Essence Magazine published a remarkable article in its September 5, 2023 issue, “Why the Destruction of a Black Neighborhood Matters to Me – And Should Matter to Everyone” by Brandi Kellam.
The story’s author was a student at Christopher Newport University in Virginia and unearthed the painful history behind the Campus’ location. The college in a statement acknowledged that the residents of a well-established neighborhood were displaced by decisions made about the location of the university.
The Black neighborhood was known as the “Shoe Lane area.”
The article states: As debate rages over the reality of historical and present-day discrimination, the Shoe Lane saga illuminates a long-standing aspect of the African American experience: the confiscation and destruction of Black neighborhoods for higher-education facilities in the post-World War II period. A federal program that provided financial incentives for university expansions was responsible for displacing nearly 20,000 families in the U.S. between 1959 and 1966, according to University of Richmond professor Robert Nelson, who has compiled an online database on the topic. While working-class white residents were also dislodged, roughly 40% were Black families, about four times the Black proportion of the U.S. population at the time. Local and state programs expelled thousands more Black families, like the Shoe Lane homeowners, for higher-education programs.
Eminent domain seizures by universities exacerbated the racial gap in homeownership and the widespread loss of Black-owned properties, resulting in “the loss of wealth by African American communities and individual African Americans,” Nelson said. Even those residents who found better housing “still lament the fact that their community and their neighborhood was destroyed.”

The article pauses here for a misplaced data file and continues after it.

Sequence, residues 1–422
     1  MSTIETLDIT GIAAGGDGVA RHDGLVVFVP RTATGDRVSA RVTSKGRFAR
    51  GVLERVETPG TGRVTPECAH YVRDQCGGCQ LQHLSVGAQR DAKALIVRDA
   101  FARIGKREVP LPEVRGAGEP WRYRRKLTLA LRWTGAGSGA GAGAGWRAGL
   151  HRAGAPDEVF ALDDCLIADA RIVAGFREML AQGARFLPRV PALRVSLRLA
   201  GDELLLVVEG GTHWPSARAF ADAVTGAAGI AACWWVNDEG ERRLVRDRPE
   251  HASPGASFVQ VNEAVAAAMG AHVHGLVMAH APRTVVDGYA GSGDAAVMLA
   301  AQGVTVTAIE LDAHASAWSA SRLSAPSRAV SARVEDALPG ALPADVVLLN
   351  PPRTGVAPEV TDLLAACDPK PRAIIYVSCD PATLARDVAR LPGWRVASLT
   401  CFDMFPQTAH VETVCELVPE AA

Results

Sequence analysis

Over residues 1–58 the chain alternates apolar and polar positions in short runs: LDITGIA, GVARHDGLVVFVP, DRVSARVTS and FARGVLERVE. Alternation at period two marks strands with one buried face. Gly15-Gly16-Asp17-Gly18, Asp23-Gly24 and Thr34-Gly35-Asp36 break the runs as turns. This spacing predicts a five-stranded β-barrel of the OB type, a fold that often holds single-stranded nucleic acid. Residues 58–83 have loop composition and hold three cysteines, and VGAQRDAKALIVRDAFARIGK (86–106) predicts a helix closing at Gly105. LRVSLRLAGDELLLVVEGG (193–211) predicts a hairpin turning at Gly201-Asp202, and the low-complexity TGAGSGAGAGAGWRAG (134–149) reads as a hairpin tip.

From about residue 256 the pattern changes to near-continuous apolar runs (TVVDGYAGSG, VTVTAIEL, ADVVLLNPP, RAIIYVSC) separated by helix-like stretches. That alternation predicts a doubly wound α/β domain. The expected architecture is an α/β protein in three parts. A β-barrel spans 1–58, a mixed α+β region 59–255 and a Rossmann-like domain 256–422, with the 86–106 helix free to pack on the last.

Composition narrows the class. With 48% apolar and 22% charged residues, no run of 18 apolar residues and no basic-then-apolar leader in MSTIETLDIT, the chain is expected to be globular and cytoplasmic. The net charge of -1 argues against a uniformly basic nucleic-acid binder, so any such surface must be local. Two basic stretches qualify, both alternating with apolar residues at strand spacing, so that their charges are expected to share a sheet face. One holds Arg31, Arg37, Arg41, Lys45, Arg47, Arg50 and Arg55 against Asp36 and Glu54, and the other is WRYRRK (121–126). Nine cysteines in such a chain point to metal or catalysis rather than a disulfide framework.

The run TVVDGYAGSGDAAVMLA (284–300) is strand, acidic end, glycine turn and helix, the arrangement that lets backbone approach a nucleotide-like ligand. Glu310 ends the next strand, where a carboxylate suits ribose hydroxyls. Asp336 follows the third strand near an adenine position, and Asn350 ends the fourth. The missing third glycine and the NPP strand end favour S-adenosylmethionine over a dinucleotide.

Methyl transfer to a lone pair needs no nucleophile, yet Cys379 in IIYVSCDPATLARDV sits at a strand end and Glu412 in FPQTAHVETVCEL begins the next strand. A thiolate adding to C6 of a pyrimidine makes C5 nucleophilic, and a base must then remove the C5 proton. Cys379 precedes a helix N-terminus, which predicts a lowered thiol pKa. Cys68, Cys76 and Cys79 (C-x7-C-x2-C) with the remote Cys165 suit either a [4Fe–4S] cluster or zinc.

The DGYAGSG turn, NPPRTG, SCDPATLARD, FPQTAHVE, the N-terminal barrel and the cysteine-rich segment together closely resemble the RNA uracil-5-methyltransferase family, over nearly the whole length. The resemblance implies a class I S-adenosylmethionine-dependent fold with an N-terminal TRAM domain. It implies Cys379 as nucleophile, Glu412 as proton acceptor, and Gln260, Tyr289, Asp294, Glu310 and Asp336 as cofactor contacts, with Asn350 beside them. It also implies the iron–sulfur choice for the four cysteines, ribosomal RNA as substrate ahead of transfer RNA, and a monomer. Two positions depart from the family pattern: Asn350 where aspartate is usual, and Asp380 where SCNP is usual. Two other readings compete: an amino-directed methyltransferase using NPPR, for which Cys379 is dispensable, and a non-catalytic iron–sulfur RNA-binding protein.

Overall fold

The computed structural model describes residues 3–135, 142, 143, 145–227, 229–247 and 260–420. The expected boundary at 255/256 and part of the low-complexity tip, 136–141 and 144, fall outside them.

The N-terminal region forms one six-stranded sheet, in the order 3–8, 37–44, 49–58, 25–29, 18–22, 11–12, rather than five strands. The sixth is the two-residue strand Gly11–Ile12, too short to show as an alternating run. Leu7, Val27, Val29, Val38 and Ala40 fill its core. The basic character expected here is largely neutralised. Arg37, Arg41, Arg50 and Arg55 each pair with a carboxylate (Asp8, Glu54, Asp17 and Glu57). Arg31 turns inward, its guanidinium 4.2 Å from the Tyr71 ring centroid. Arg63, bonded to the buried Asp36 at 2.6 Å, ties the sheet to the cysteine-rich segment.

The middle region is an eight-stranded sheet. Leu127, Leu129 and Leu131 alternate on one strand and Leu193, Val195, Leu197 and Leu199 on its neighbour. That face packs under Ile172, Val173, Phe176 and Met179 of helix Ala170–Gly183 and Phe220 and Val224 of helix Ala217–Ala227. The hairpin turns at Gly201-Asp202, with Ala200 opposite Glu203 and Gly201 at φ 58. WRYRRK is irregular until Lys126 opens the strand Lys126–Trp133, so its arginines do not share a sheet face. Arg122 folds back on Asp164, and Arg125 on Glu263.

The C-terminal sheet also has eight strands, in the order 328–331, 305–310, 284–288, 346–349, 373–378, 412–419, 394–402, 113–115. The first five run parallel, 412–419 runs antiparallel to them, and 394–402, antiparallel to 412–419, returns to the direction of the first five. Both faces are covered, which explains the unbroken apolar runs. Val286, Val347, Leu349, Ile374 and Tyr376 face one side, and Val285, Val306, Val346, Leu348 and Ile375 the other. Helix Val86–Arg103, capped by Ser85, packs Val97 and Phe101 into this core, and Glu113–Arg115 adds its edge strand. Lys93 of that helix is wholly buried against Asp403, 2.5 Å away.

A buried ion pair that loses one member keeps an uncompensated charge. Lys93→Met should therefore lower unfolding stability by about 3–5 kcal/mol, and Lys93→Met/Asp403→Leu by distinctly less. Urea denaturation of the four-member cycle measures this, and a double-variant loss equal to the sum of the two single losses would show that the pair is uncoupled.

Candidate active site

“If you wanted to, you could find pretty much any neighborhood blighted,” said James Burling, vice president of legal affairs at the Pacific Legal Foundation, a nonprofit that specializes in lawsuits against what it considers government overreach. “There was very little thought about what was going to happen to the people that lived there.”
Across the country, government agencies acquired Black neighborhoods through the use or threat of eminent domain, often for less than market-rate prices. A study y the Institute for Justice, a libertarian public interest law firm, shows that two-thirds of the 1 million people displaced by eminent domain and urban renewal projects between 1949 and 1973 were Black.
Today, only five Black households are left in the Shoe Lane area. One sits between sorority and fraternity houses and a residence hall; the only street access is through a university parking lot. A dorm and a student center occupy land that the Johnsons hoped to develop.
Civil rights leaders posed the question that it was more than coincidental that with hundreds of undeveloped acres in the City, the sites chosen by the City for condemnation are sites owned by Negros.
The prejudicial selection of Black owned properties still occurs throughout the country.